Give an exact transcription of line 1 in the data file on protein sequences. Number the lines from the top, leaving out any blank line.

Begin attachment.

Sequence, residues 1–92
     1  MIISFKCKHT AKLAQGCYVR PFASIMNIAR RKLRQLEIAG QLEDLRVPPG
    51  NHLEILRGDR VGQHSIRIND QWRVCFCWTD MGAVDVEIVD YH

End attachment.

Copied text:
Sequence, residues 1–92